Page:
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Society, World, Words

Terry Pratchett: “No one is actually dead until the ripples they cause in the world die away”

Humanism was at the heart of Discworld creator Terry Pratchett's brilliant writing and tireless campaigning

The first time I met Terry Pratchett I was in my early teens: he patiently signed every volume of my complete Discworld collection. When I met him years later in my professional capacity at the British Humanist Association, he didn’t recall that occasion or my Discworld T-shirt.

As well as being firmly in the category of “national treasure” and the best-selling British novelist of the 1990s, Terry Pratchett was a great humanist and a stalwart supporter of the BHA.

His humanism showed itself in his work in many ways. When asked for an example of this himself, he cited his story The Amazing Maurice and his Educated Rodents, in which the mice invent morality before they invent religion. That summed up Terry’s view on morality and religion. Morality came first: it was a natural development of society. He did not see ethics as coming from outside of human beings, but instead from the bonds we shared and as a product of human beings living cooperatively together and trying to promote happiness.

Over the last 20 years, he expressed these views on humanist values in many video resources we produced for schools. His voice was one that always appealed to young people. Seeing these resources used in classrooms, you realised what a compelling communicator Terry was – not just a great story-teller, but a great intellect capable of putting a human face on complex responses to big questions.

He was a human face on many humanist campaigns as well. He joined in our lobbying against faith schools on many occasions, signing letters to press and politicians. His campaigning zeal did not dim with advancing illness. Last year he was a signatory to the open letter to the Prime Minister calling time on the damaging description on the UK as a “Christian country” – an initiative which inspired weeks of national debate about secularism and national values. He also contributed a powerful witness statement to the BHA’s submissions to the Supreme Court in the assisted dying cases of Tony Nicklinson and Paul Lamb. Both Tony and Paul were paralysed and wished to end their suffering, and Terry was deeply moved by their plight. In his submission, Terry said: "Either we have control of our lives, or we do not."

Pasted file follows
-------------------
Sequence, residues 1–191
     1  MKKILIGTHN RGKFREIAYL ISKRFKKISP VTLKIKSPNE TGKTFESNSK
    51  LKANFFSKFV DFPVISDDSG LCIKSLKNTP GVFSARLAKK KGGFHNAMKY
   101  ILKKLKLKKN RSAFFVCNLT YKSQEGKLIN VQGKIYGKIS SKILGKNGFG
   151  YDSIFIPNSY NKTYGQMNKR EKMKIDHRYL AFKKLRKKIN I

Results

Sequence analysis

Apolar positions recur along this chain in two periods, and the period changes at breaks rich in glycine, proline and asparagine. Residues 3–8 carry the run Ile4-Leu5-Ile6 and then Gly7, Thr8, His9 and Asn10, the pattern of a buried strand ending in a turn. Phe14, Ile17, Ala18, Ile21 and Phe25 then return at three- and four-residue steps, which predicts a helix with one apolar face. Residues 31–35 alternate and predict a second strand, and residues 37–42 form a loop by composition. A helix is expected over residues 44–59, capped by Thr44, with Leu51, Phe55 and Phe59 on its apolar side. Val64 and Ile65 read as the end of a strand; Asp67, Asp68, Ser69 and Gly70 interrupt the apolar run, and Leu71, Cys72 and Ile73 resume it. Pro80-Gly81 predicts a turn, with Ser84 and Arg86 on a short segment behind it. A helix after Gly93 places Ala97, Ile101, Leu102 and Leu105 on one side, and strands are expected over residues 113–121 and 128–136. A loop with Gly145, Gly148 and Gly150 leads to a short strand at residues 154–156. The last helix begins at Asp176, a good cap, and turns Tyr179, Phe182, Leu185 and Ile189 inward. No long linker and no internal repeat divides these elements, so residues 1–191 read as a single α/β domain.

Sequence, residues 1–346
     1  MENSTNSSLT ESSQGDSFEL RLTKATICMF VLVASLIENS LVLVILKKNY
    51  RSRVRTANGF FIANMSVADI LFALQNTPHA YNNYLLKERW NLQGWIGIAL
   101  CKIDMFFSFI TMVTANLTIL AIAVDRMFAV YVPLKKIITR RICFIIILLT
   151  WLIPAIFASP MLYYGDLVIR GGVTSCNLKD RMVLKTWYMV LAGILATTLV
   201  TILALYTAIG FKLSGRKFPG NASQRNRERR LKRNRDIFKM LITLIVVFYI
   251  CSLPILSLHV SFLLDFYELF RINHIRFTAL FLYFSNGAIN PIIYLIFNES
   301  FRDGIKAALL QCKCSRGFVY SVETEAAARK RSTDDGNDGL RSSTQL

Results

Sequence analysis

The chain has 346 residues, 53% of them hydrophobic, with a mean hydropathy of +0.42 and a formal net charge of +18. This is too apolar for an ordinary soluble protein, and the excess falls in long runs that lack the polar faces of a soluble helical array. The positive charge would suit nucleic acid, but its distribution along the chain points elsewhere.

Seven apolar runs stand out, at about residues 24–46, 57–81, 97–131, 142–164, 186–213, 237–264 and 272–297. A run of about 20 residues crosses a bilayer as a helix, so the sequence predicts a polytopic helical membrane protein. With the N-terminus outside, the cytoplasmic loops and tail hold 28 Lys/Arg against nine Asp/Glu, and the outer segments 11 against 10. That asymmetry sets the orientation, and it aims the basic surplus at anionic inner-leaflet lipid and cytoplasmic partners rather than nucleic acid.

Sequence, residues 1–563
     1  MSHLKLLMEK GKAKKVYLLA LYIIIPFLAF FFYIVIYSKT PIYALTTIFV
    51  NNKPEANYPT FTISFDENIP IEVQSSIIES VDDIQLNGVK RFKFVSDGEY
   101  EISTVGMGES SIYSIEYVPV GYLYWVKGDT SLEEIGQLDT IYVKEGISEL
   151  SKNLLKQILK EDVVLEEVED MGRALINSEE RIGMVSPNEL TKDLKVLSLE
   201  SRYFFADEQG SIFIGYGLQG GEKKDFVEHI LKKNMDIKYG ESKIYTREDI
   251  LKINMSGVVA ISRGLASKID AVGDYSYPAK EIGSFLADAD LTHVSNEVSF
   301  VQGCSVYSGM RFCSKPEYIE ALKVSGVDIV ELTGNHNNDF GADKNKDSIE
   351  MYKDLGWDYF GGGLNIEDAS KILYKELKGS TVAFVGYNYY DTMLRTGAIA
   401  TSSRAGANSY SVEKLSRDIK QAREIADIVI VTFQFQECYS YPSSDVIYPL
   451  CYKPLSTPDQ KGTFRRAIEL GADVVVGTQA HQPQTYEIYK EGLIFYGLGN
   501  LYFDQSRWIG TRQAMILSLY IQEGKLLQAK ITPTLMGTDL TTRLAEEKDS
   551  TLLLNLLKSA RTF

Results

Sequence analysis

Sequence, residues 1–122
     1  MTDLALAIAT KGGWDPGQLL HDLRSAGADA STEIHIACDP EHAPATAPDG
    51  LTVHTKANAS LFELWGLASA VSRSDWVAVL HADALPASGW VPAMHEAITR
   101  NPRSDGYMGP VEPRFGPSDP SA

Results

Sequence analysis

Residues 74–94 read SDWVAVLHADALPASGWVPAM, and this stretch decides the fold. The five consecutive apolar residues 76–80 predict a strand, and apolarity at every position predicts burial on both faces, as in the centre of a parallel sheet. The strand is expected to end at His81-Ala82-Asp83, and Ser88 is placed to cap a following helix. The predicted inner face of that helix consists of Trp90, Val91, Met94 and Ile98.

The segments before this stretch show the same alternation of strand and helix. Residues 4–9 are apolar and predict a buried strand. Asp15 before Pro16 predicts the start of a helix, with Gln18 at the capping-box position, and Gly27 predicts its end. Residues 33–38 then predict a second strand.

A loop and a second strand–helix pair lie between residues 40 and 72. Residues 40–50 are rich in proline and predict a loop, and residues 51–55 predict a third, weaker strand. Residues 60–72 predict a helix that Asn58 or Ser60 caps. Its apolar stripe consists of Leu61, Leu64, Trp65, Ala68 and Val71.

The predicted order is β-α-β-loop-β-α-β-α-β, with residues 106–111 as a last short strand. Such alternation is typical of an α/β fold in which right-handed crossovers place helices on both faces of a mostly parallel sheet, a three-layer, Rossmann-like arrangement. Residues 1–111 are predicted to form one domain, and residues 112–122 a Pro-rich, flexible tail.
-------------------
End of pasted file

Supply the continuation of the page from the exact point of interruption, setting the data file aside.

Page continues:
In 2013, when he was named Humanist of the Year, Terry was too unwell to give the acceptance speech himself and so the words he had written were read for him. There was hardly a dry eye in the hall as we all listened to his passionate plea for assisted dying for the incurable suffering, and resounding laughter as he described first reading of Charles Darwin’s The Descent of Man with measles and hallucinations as a child, or his rational father’s belief that he should take care of repairing motor cars and the universe could take care of itself. It illustrated why Terry was such an asset to humanism: we have philosophers and scientists a-plenty but storytellers who can make you laugh and cry on a human scale are rarer.

Terry will be missed by all of us who worked with him, and our thoughts are with his family and friends at this time. Terry didn’t believe in heaven or an afterlife, but he surely believed in immortality of a sort: the immortality of great writers. He will undoubtedly have some portion of this himself. As he said, “No one is actually dead until the ripples they cause in the world die away.” As a campaigner, thinker, and creator of worlds, Terry Pratchett will live long.

Andrew Copson is Chief Executive of the British Humanist Association. His writing on humanist and secularist issues has appeared in The Guardian, The Independent, The Times and New Statesman as well as in various journals and he has represented the BHA and Humanism extensively on television news on BBC, ITV, Channel 4 and Sky

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